Iceberg 'Doodles' Trace Climate History

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False colour images indicating where icebergs have gouged the sea floor.
False colour images indicating where icebergs have gouged the sea floor (image credit: Dowdeswell et al. 2017, EGU, Atlas of Submarine Glacial Landforms).

Here's some interesting #sciArt for ya. These great gouge marks are left behind when a large iceberg drags across the bottom of the seabed. A large collection of these images has just been published, with the help of 250 scientists from 20 different countries. By gathering this high-resolution atlas of the seafloor, scientists can better determine how the climate is changing.

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Iceberg 'Doodles' Trace Climate History
Jonathan Amos
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Jesse Rogerson, PhD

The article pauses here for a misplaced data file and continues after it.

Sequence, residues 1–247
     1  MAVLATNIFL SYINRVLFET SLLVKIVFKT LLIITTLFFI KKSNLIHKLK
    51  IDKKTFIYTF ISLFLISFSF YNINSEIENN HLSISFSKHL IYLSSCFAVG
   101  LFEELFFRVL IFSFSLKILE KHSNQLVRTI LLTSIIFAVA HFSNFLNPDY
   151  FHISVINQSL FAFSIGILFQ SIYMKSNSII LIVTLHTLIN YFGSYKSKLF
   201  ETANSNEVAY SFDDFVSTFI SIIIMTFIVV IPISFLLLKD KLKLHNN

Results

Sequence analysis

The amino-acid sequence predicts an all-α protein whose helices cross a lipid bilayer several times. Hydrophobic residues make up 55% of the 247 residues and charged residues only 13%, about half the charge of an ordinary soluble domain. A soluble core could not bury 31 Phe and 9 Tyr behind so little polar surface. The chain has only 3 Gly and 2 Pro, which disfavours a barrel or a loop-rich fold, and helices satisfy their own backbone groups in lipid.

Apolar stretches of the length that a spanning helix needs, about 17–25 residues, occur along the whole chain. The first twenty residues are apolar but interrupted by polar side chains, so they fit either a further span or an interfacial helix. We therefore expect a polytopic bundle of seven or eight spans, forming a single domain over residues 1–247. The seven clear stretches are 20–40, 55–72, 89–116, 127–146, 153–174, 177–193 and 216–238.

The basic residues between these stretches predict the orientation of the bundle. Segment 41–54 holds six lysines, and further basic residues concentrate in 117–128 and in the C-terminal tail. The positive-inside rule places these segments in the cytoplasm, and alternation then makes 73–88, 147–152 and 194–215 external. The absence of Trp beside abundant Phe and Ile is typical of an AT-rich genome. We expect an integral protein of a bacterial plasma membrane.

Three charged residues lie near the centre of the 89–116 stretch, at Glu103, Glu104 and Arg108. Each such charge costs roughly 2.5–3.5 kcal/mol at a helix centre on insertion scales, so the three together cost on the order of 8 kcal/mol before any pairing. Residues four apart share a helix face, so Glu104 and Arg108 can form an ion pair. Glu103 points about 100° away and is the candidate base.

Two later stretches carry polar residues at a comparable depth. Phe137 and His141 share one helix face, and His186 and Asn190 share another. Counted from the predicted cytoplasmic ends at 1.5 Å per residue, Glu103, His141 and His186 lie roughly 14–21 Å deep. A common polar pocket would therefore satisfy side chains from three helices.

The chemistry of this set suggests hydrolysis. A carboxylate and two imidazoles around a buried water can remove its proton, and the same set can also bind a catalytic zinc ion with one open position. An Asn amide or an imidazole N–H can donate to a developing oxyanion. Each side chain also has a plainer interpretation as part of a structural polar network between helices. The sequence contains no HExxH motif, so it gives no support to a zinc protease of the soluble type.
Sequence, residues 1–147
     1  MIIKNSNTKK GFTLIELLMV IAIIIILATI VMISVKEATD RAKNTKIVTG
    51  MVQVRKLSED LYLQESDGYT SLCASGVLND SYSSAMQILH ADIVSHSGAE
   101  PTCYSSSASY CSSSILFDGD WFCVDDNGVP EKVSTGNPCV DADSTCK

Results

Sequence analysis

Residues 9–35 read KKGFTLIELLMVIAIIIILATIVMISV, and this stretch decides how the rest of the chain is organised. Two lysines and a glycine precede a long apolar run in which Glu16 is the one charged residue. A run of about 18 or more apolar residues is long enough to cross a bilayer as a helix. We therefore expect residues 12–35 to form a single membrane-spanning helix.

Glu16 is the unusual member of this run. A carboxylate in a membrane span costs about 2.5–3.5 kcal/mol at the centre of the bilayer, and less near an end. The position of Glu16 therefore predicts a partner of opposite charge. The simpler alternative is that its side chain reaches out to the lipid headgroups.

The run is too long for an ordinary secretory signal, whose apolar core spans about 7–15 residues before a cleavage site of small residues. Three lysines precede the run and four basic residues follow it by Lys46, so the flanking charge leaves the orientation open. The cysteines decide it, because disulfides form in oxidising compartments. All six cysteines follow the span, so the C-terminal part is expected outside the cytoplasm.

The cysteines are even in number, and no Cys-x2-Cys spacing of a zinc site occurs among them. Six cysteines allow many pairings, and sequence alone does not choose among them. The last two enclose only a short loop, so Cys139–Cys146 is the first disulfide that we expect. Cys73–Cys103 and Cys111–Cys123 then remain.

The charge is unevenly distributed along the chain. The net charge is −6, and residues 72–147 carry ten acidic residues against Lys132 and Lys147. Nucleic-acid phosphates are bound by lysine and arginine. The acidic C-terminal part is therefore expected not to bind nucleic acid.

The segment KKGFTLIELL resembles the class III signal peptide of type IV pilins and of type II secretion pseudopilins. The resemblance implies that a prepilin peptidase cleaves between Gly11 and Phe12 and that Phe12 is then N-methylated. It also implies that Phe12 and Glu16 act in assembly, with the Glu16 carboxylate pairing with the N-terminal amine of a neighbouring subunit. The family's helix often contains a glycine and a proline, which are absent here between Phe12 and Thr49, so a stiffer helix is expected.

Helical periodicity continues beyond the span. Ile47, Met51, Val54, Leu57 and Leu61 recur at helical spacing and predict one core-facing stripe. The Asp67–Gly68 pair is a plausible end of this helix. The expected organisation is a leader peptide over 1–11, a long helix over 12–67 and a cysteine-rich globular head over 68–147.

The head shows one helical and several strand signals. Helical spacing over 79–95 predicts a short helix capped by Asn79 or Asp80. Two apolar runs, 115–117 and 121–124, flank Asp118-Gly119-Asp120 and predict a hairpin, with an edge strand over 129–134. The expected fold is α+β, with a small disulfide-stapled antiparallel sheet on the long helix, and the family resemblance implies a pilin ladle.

Jesse is a passionate scientist, educator, and science communicator. As an assistant professor at York University in the Department of Science, Technology, and Society, he teaches three classes: History of Astronomy, Introduction to Astronomy, and Exploring the Solar System. He frequently collaborates with the Canada Aviation and Space Museum, and lends his expert voice to the Ingenium Channel. Jesse is an astrophysicist, and his research explores how super massive black holes evolve through time. Whether in the classroom, through social media, or on TV, he encourages conversations about how science and society intersect, and why science is relevant in our daily lives.